Long before they started weaving, Lily Hope and Ursala Hudson were woven into an ancient artform without knowing it.
Their mother, the late weaver Clarissa Rizal, put a meaningful signature on each of her Chilkat and Ravenstail robes, garments historically worn as status symbols in Tlingit, Haida and Tsimshian cultures that were also given as gifts ceremonially. Rizal wrapped three bands of string around part of the fringe in one corner, with each band of string carrying a different meaning.
The top band, dyed yellow, represents the number of robes she had made to that point. For example, her 11th robe had 11 yellow threads in this top band. The next group of thread, colored white, represented how many grandchildren she had at the time.
The final layer of thread, also colored yellow, represented how many children she had. This layer always had three yellow threads: one for Lily, one for Ursala and one for their older brother Kahlil Hudson.
“She included us in everything she was doing,” Hope said, “and we didn’t even realize what she was leading us into until she was gone and we were left standing, holding these left strands.”
Now, Hope said, they’re trying to pick up those strands and continue weaving — and teaching others about weaving — as their mother did.
Prior to her death due to cancer at the age of 60 in December 2016, Rizal led a presentation at the biennial Celebration event in Juneau about Chilkat and Ravenstail weaving. This Wednesday, Hope and Hudson led that same presentation together.
The process of weaving a Chilkat or Ravenstail robe can last months or years, as weavers have to create the thread from mountain goat wool or other sources before even starting to weave the robes on large looms. Ravenstail weaving, as presenters explained Wednesday, was the original form of weaving these robes, involving twining and surface braiding, and it evolved into Chilkat weaving. While Ravenstail weaving focuses more on geometric patterns, Chilkat weaving often involves animal forms.
Rizal’s name was brought up repeatedly, as former students and colleagues of hers spoke glowingly and her daughters told anecdotes of her life. Hudson, 30, said it was difficult at times to listen to presenters and to think about her mother on this same stage just two years ago.
“She had a vibrancy and a spunk that kept things entertaining,” Hudson said. “I just felt sad for everyone who knew her and who didn’t know her who was feeling that void.”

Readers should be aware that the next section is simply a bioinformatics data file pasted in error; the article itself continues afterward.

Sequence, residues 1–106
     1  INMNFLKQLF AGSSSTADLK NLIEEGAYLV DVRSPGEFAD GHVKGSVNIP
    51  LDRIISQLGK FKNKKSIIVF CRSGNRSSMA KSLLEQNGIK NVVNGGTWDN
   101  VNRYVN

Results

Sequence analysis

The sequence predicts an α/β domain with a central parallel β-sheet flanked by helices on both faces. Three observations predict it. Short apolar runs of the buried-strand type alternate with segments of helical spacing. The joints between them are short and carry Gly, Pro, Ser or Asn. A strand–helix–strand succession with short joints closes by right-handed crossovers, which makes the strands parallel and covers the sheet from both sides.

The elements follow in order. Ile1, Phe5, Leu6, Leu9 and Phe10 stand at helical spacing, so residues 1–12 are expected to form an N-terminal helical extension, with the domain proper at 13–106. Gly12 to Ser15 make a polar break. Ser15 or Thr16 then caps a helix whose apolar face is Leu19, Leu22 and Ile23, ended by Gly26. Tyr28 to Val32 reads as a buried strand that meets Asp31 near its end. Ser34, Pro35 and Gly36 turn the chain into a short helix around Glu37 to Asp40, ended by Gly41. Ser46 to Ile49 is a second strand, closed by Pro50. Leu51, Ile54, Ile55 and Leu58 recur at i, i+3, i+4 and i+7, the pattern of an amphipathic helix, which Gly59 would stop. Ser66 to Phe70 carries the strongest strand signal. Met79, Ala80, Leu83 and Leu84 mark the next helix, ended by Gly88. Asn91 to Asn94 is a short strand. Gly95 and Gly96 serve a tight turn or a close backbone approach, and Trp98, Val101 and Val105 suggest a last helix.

Fellow weaver and presenter Shgen George began her talk by saying it was hard not to tear up as she watched the sisters lead the presentation because “the last time we did this it was with Clarissa.”
Along with the sadness that comes with a departure, there was also the exuberance of young weavers and new robes and projects. Fewer and fewer people know how to make Chilkat or Ravenstail robes, and Hope mentioned that even fewer people — maybe only a few dozen, she estimated — have both the ability and the time to create these complex works.
The main theme of the presentation, entitled “Listening to our Teachers: Bringing History to the Present in Chilkat and Ravenstail Weaving,” was that it’s possible and valuable to build on the traditional style of weaving with new techniques and concepts.
Weavers answered questions and carried on conversations about dying techniques, color usage and new styles. Hope particularly praised the work of weaver Kay Parker, whom Hope called “a model for bringing the ancient into the contemporary.”
Hope, 38, said during the presentation that she began weaving when she was 15. She’s continued weaving and recently earned a Native Arts and Cultures Foundation mentor apprentice grant to work with a younger weaver on a project.
Hudson, on the other hand, only started weaving just a few months before her mother’s death. Hudson decided to try her hand at it by getting involved in Rizal’s “Weavers Across the Water” project that brought more than 40 weavers together to make a robe.
Hudson said she was shocked at how easily it came to her. She had watched her mother weave for so many years that her hands and fingers already knew what to do.
“I didn’t have to think,” Hudson said. “It was like I had her hands.”
That learning process appears to already be at work with their children as well, both Hope and Hudson said. Hudson’s 8-year-old daughter tried her hand at weaving just last week, and is already “hooked,” Hudson said. Hope said her 10-year-old daughter is getting started as well.
For most of Wednesday’s presentation, Hope carried around her 8-month-old daughter, who was conceived shortly after Rizal’s death. The daughter’s name is Anastasia Clarissa Hope. Lily said it felt right to name her daughter after her grandmother, but that it was a little too soon to give her Clarissa as a first name.
Like Hudson described from experience, Anastasia is already feeling comfortable and curious when she’s around the loom. Hope bounced Anastasia on her hip as she said the baby’s hands are already getting familiar with the threads.
“This one comes to work with me every day,” Hope said, “so she’s up in the fibers and playing with it.”
• Contact reporter Alex McCarthy at 523-2271 or firstname.lastname@example.org. Follow him on Twitter at @akmccarthy.